Saturday, November 26, 2016

The emotional side of diabetes

I've vented here many times about my frustrations with diabetes. The outward emotions of anger, denial, and bitterness. However I rarely talk about my inward struggles. Call it emotional wellbeing, mental health, or any of the other terms. Whatever label you give it, one thing is true about many people with diabetes: We hide much of the emotional burden we bear living with a chronic illness most of the time.

Most people see me as a cheerful, caring individual, or so I've been told. Confession: There are so many times that I'm smiling on the outside while tearing myself up on the inside. I feel I need to be Super Mom, Super Wife, Super Teacher, Super Friend, and Super Diabetic. When it comes to diabetes, I might ask: Why did I eat that? Why didn't I do that? Why can't I make it to the gym? Why am I not the perfect diabetic? Why am I so hard on myself? Why am I not harder on myself?

Yes, I know that I can do better, but I also know that I could do worse. I'd like to do better at my own diabetes management. I'd also like to do more in the world of diabetes blogging and patient advocacy. I actually told my husband today that part of me would like to be a full-time advocate and part-time educator, maybe a tutor. However at this time my calling is to be a full-time educator and part-time advocate. We agreed that some day the roles may become reversed, when it's the right time.

"Diabetes Ramblings" - it's more than a blog title. It's how I process my thoughts and feelings. As I ramble, I am able to express myself in a way that helps me through some tough times. My hope is that I am able to also reach out and help others. There is no shame in admitting that you need help. If life seems to be dragging you down and you're not living the life you want to live, reach out. Find someone you trust - a doctor, a friend, clergy, a counselor. There is no shame in saying that you can't do it all. You don't need to be a super hero. You are loved and you are valued!

Sunday, October 30, 2016

Review: Diet To Go meals

A while ago I was approached by a representative from Diet to Go to try out their meals geared toward people with diabetes. Since they were sending me the meals for free in exchange for my own honest opinion, I figured why not.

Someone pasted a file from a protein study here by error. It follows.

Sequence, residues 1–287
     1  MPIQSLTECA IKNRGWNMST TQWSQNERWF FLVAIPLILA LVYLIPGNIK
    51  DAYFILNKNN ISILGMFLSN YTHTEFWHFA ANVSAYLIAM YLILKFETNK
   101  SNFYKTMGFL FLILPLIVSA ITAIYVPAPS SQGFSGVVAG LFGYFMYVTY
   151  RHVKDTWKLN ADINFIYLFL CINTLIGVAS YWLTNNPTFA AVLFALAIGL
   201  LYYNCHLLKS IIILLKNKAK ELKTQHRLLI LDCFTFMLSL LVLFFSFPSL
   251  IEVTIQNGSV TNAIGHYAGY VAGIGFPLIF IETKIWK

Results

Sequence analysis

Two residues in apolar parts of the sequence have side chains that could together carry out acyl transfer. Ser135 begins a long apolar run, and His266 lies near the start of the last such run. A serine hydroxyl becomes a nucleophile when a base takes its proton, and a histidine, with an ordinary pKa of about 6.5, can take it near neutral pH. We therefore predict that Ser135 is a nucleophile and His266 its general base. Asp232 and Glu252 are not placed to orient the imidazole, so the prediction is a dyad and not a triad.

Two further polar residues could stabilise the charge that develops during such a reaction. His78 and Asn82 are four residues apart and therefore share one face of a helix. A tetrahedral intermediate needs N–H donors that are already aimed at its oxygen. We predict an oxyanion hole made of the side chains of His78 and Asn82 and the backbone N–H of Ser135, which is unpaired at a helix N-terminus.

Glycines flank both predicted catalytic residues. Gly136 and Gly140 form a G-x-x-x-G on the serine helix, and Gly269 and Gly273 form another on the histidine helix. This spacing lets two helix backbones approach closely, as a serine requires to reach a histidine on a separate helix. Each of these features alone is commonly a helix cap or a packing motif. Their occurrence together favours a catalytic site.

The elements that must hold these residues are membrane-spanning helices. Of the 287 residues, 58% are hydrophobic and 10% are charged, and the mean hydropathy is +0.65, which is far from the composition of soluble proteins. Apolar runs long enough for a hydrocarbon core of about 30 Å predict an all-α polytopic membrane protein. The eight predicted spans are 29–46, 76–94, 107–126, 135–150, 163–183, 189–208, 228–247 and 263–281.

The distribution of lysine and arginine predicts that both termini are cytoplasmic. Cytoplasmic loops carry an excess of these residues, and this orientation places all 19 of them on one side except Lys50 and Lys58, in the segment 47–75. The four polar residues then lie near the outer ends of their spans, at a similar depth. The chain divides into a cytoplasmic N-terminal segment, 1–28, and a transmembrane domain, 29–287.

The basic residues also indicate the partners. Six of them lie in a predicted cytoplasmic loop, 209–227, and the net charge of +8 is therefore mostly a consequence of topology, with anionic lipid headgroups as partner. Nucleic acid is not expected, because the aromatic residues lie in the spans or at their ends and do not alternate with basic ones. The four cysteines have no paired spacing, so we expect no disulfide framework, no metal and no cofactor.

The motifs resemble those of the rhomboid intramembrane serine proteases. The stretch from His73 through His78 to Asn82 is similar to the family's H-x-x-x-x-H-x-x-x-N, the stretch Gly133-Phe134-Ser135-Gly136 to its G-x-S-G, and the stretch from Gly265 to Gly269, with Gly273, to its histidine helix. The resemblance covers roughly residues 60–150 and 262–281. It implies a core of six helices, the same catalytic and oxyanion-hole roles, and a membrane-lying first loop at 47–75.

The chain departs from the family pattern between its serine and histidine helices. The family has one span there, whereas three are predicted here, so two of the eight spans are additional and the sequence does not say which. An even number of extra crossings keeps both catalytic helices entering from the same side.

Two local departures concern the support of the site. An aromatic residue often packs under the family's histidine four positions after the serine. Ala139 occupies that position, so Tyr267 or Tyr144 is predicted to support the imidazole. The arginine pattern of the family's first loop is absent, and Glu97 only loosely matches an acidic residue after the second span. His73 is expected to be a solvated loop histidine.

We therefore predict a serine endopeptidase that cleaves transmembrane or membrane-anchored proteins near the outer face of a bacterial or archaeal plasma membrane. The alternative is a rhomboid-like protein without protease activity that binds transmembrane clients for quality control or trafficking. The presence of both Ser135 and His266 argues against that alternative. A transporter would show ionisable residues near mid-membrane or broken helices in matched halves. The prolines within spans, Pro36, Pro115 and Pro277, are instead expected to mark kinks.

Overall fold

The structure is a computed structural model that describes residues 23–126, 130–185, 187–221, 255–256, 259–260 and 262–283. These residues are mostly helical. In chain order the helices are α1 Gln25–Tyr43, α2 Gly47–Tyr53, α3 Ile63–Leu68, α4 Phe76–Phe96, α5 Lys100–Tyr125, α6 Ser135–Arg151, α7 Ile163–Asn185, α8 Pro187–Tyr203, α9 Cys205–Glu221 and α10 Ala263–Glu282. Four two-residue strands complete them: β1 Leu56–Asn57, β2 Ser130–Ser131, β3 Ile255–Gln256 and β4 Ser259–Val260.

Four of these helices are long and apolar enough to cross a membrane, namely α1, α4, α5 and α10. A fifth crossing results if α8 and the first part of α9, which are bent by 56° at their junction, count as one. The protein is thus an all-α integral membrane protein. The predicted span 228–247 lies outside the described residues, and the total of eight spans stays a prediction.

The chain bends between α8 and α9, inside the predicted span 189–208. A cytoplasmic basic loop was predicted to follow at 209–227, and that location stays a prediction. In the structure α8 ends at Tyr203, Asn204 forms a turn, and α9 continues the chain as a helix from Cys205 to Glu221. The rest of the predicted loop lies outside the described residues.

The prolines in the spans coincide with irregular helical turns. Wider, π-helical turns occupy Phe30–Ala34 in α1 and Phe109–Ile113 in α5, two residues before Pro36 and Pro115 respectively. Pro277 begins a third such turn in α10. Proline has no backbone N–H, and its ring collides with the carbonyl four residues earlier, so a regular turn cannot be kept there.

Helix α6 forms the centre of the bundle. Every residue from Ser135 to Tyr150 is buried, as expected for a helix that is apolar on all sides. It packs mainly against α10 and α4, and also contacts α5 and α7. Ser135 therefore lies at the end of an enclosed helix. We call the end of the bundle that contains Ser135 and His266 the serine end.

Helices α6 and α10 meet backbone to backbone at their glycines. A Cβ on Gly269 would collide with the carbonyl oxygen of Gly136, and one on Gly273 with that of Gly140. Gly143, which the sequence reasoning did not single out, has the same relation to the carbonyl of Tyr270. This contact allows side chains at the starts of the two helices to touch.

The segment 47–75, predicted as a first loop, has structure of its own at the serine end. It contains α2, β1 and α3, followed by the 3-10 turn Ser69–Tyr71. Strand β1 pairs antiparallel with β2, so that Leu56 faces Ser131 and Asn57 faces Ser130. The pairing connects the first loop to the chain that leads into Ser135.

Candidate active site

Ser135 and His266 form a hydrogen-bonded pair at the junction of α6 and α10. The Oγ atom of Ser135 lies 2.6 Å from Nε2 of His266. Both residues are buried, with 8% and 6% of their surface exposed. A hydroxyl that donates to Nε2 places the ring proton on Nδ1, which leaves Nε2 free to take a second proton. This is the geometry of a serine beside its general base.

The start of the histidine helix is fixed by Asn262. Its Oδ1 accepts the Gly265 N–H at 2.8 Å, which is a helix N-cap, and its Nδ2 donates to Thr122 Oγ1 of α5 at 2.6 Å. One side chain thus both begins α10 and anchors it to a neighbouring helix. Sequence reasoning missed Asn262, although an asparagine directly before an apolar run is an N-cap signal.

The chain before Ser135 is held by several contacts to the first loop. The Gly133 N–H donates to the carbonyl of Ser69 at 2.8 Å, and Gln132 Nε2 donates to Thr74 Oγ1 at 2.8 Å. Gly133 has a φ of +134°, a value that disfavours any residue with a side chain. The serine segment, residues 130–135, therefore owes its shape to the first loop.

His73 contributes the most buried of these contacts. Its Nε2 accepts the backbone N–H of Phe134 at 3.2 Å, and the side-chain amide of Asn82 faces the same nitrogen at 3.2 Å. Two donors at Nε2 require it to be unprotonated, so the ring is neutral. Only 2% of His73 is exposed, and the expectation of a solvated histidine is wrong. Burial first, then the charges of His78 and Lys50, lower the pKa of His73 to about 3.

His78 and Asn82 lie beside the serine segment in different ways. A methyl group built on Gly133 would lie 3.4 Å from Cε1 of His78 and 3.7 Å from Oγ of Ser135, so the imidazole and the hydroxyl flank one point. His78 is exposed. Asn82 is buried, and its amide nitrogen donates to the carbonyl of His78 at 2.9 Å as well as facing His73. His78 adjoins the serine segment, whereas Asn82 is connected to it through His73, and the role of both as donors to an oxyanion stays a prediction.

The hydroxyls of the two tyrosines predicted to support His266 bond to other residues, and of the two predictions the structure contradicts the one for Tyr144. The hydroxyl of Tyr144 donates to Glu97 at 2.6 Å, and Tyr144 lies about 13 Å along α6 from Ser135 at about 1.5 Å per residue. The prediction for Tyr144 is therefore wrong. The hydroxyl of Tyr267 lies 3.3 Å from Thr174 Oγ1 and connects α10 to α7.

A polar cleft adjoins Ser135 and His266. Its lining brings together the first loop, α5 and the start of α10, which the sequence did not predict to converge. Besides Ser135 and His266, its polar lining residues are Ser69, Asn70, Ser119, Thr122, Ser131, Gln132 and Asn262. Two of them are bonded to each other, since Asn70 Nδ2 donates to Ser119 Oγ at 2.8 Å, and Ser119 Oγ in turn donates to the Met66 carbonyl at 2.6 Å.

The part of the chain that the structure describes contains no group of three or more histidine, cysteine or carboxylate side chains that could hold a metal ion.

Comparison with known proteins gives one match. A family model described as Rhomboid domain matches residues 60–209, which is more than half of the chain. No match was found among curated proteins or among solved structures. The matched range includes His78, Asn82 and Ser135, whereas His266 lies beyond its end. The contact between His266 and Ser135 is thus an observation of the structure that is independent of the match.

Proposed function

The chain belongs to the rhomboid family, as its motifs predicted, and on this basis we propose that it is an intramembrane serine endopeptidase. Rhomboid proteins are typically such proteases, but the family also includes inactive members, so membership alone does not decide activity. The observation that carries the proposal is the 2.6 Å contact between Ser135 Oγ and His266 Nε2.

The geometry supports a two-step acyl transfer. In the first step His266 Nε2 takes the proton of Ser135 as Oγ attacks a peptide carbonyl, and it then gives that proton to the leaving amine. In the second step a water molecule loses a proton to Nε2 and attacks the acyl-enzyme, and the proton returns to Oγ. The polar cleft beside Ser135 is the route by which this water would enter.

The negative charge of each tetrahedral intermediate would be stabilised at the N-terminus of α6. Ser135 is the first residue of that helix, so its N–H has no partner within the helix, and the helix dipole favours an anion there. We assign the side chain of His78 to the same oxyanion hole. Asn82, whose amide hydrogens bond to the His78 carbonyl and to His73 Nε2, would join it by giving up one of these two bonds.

Now I will say that I don't typically use pre-packaged meals for breakfast or dinner. My breakfast typically consists of a protein drink that can be easily consumed during my early morning commute to the school where I teach. Dinners are with my family, eating the same meals that they are having. As a result, most the meals I received were brought to school for my lunch.

The meals arrived in a large styrofoam cooler with ice packs and dry ice. Since they were shipped frozen, I placed them all in my freezer as I unpacked the shipment. There was no clear instructions on how to store the items or even how to prepare them. Were they just to be thawed or microwaved? Were they to be thawed before microwaved? A few of the meals had some basic instructions like heating to a certain temperature, but nothing as clear as one would find on a frozen meal from the grocery store. Perhaps this information was found on the website, which I will admit I have only given a brief look at a few times.

Overall the food was good. I don't think I tried anything that turned my stomach. Everything seemed healthy. Only a few of the meals had the nutrition information on the package (again this might be on the website, but I'm not sure). Some meals pushed the 45 g carbs mark. I believe that Diet to Go uses the American Diabetes Association's guidelines of everyone eating 30-45 g carbs per meal. This one size fits all approach is not something I cater to, as my body reacts to carbs differently at different times of the day.


If you're ok with the amount of carbohydrates per meal and the price of the meals, this might be something for you. The convenience was nice as I could just grab something from my freezer without much thought. The taste was also good. I was surprised how much I did like some items that I may have not tried otherwise. The main negatives were the lack of nutritional information and preparation instructions on the packaging.

Disclaimer: Diet to Go provided me with five days worth of meals free in exchange for my honest opinion.

Thursday, July 28, 2016

My Diabetes Advocacy Plan


Disclaimer: Diabetes Hands Foundation provided me with a scholarship to MasterLab 2016 which included transportation, lodging, and conference admission. However all opinions posted about the event are my own. Thank you!

MasterLab 2016 was such a wonderful experience! It was run a little different this year, but overall I was happy with the event. I would have enjoyed more time collaborating and getting to know the other advocates (especially the Latino group, full of energy!) Several people have written about their experiences. You can read about them here. I'm going to write more about what I learned about myself and advocacy.

During MasterLab 2016, we were given a workbook and asked to fill it out during and at the end of each session. The idea was that the workbook would guide us in creating our own advocacy plan. 

Confession time: I guess sometimes teachers make the worst students. I didn't fill mine out during the conference. I made notes on a couple pages, but I really didn't grasp how useful of a tool this was until I hear others reading the "Diabetes Advocates Mad-Libs" at the end of the book. The last page took key points from each of the previous pages and combined them all into a nicely written advocacy plan. Well, I finally filled mine out - tonight. Yes, 22 days later. I wish I would have done this three weeks ago! (Forgive me, Mike!)

Below you will find my advocacy plan using the template and prompts from the MasterLab "Personal Advocacy Plan" workbook. (Click on the link to get your own workbook!)

I believe that...
People with Type 2 diabetes need access to the tools they need to manage their disease without stigma and a one size fits all approach.

But it doesn't have to be that way. I want to live in a world where...
The patient and the medical team both have access to factual information and the resources needed.